The worms can burrow into the walls of the stomach or the small intestine, though it is much more common to find them in the stomach, Fuchizaki said. About 95 percent of anisakiasis cases are in the stomach, he told Live Science.

When the worms burrow into the walls of the stomach, the symptoms usually develop within several hours of eating contaminated fish, Fuchizaki said. If the infection occurred in the small intestine, however, the symptoms wouldn’t start until one to five days later, he said.

Some people may notice the worms even sooner than a few hours after eating raw fish — in some instances, people actually feel a tingling sensation in their mouth or throat while they are eating, which is caused by the worm moving around there, according to the Centers for Disease Control and Prevention. Some people may be able to remove the worm with their hand or by coughing, the CDC says. Vomiting, which is often a symptom of anisakiasis, can also expel the worms, the CDC says.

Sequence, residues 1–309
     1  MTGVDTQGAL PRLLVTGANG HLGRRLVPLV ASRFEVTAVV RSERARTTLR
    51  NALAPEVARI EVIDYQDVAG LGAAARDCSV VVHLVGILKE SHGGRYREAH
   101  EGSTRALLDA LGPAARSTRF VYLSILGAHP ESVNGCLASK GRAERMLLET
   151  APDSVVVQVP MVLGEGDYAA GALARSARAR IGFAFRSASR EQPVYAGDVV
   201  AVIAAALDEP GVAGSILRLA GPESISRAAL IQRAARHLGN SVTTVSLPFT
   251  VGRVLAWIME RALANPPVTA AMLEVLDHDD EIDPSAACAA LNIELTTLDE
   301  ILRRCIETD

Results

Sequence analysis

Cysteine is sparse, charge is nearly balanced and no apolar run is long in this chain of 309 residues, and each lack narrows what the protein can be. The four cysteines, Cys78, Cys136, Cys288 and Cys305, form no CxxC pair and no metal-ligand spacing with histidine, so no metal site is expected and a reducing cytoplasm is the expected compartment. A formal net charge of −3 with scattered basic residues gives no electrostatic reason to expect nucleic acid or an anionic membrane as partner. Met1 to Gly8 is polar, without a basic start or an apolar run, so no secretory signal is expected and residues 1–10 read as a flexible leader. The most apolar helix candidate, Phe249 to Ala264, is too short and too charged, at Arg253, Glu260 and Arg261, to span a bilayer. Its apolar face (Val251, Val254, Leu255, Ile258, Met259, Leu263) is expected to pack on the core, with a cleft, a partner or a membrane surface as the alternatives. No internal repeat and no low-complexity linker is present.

In most cases, people experience pain and other stomach problems because the worms are damaging the tissue of the digestive tract, Fuchizaki said. But some people may be allergic to the worms, and experience an allergic reaction if they eat them, he said.

Because the worms do not reproduce in humans, they eventually die and cause an inflamed mass, according to the CDC.

In the woman’s case, doctors used a camera and forceps (a tool that looks like tweezers) to remove the 11 worms from the the woman’s stomach. Some of the worms were found in the area where the esophagus meets the stomach, according to the report. This area is located close to the heart, which is why the woman had chest pain.

Most cases of anisakis infection involve only one or two worms, Fuchizaki said.

After removing the worms, the woman’s symptoms went away, according to the report.

Anisakiasis is more commonly found in Japan, where eating raw fish is popular, according to the CDC. But it is expected to become more common in other parts of the world as the popularity of raw fish dishes grows, Fuchizaki said.

Originally published on Live Science.